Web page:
Congress on Thursday passed almost unanimously a new law making parliamentary approval mandatory before signing any debt agreements, including with the International Monetary Fund (IMF), with whom the government is currently renegotiating the payment of major loan.
The bill, already approved by the Senate last November, was only opposed by the two FIT leftist deputies with 233 of the 257 deputies from both the government and opposition benches voting in favour and a further two abstaining.
"Every programme of financing or public credit with the IMF or any expansion of the sums of those programmes or operations will require express approval by a law of Congress," read the text.
Lower House Budget Committee chairman Carlos Heller affirmed that the bill "will mark a milestone in legislative history in relation to public debt."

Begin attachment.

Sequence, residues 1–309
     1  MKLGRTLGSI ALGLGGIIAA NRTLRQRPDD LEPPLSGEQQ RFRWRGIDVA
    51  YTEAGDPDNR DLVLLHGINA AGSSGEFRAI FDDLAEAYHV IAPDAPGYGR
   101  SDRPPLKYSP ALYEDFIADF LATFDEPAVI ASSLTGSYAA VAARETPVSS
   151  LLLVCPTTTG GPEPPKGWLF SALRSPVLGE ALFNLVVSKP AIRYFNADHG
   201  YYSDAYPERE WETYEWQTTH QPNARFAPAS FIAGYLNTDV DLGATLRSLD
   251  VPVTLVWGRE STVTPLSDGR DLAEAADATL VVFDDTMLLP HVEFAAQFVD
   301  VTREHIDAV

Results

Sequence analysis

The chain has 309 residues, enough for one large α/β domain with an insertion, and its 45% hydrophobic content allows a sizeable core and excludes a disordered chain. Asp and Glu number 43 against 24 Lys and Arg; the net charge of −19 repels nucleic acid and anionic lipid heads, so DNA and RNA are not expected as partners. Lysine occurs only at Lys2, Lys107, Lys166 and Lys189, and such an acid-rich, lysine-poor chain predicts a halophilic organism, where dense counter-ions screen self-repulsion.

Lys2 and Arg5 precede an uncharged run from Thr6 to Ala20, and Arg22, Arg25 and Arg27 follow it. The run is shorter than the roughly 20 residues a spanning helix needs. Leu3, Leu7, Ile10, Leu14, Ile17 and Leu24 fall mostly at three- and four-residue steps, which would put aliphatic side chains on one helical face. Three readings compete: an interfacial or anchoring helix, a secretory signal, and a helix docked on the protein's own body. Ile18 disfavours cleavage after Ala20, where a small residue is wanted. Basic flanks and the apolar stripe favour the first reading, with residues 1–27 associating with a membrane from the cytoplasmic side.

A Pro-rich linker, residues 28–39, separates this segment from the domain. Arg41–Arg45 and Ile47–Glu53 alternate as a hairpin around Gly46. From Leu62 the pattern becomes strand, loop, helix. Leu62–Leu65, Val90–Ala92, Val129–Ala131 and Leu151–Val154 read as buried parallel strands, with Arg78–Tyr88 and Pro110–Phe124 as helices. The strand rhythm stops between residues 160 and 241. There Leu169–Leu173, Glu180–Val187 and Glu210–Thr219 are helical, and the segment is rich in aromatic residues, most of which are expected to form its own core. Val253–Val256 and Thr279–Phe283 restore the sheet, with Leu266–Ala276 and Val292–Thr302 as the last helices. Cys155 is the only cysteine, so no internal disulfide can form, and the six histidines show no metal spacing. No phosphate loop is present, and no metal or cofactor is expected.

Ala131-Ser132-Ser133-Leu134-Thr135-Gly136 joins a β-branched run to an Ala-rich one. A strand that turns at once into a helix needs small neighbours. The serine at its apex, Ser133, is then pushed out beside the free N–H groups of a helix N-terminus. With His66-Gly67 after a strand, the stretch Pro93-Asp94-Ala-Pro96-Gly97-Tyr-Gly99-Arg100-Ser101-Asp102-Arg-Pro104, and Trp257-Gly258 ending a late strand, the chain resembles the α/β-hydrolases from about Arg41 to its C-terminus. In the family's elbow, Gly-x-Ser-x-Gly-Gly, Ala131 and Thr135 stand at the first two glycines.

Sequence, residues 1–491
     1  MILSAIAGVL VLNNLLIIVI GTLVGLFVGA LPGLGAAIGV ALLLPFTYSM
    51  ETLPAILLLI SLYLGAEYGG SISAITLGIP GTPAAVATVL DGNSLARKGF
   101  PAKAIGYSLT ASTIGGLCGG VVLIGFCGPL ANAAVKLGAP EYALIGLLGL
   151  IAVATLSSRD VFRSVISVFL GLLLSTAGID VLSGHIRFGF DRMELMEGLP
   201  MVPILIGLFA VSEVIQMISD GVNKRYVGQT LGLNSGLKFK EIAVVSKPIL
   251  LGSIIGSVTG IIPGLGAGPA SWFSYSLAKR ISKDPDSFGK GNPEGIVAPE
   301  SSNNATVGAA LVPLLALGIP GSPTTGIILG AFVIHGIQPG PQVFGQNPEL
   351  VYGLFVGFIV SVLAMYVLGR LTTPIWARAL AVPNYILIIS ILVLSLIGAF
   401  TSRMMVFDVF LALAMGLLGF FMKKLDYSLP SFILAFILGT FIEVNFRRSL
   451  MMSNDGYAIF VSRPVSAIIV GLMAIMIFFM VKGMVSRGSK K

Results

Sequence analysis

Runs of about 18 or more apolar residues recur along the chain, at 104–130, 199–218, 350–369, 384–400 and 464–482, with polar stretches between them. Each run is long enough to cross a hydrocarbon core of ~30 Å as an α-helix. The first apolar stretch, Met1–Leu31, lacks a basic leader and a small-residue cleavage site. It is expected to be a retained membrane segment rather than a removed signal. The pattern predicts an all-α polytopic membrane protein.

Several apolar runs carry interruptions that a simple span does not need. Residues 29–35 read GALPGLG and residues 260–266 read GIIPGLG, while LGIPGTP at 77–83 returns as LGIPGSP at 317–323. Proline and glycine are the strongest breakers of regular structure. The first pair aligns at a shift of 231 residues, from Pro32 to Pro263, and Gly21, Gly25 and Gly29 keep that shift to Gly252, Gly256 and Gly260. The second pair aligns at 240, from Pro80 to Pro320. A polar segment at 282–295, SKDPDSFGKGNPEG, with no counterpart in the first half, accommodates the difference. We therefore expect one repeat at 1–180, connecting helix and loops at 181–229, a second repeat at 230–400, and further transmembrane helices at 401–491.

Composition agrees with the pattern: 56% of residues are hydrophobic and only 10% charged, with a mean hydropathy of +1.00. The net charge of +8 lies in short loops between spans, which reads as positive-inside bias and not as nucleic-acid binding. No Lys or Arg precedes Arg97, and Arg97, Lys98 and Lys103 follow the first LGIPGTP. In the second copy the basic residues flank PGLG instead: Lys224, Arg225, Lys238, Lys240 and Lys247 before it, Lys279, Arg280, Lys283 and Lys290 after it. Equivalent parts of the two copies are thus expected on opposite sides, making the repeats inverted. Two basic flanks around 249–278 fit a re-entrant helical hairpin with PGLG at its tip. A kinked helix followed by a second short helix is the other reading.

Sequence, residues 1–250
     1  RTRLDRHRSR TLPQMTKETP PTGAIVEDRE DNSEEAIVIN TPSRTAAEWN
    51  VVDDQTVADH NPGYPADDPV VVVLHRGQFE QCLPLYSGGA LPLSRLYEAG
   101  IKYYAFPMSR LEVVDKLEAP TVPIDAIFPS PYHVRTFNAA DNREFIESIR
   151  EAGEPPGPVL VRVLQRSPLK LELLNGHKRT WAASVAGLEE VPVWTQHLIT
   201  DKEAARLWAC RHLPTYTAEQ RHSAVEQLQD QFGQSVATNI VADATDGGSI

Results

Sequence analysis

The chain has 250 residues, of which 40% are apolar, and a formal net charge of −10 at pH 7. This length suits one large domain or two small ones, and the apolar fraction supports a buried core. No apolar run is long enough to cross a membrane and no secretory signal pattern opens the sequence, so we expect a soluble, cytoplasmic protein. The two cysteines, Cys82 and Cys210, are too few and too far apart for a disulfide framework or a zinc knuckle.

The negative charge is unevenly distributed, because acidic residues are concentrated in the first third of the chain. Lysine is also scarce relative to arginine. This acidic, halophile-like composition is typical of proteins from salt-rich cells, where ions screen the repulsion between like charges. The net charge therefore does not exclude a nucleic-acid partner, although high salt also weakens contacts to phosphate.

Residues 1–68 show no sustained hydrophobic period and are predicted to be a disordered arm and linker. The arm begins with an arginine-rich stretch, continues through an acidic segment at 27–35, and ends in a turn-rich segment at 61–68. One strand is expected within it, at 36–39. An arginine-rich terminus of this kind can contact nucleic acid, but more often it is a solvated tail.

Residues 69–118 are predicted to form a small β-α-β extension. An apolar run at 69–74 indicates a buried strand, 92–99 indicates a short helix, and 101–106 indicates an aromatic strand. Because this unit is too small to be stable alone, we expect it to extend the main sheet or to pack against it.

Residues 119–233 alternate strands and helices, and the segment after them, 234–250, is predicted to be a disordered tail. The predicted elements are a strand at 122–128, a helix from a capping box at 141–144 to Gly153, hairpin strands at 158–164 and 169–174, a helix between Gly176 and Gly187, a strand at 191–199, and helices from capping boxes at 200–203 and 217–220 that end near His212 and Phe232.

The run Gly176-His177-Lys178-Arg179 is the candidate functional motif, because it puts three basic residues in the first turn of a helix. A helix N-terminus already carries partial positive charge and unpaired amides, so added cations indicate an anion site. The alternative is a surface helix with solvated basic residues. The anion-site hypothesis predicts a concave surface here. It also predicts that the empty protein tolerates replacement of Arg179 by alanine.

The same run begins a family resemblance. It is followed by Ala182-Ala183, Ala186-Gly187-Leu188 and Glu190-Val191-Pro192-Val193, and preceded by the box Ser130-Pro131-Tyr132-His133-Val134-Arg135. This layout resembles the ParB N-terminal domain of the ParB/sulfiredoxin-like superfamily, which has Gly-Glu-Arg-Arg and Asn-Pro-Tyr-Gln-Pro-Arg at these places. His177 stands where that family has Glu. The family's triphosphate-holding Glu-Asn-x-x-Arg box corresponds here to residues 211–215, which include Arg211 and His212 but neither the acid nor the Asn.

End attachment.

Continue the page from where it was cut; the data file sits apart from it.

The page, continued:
The Alberto Fernández administration is trying to restructure payments on the stand-by loan drawn by his predecessor Mauricio Macri from the IMF to avert a financial crisis in 2018.
The original sum was US$53 billion (later bumped up to US$57 billion) of which US$44 billion had been paid out by the inauguration in late 2019 of Fernández, who promptly suspended further tranches with the argument that "for now Argentina cannot return even a dollar."
Fernández wants to postpone any loan repayments until 2025 while the economy recovers from a recession dating back to 2018.